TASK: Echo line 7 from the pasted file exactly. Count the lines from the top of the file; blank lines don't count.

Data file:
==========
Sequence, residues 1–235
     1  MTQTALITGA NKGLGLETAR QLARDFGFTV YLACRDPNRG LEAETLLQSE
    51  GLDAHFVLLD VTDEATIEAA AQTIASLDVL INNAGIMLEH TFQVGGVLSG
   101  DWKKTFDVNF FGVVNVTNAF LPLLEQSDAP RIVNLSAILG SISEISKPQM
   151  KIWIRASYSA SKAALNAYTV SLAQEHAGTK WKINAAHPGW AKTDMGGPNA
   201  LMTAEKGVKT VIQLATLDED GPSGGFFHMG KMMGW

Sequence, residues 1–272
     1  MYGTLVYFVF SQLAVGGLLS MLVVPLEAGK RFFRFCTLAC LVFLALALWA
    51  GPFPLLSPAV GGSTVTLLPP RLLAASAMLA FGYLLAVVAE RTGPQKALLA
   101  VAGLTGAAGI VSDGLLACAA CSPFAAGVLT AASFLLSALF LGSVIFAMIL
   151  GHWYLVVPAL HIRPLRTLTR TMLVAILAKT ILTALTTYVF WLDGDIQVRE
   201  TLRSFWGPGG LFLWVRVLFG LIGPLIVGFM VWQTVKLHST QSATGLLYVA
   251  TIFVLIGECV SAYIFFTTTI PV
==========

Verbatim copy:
Sequence, residues 1–272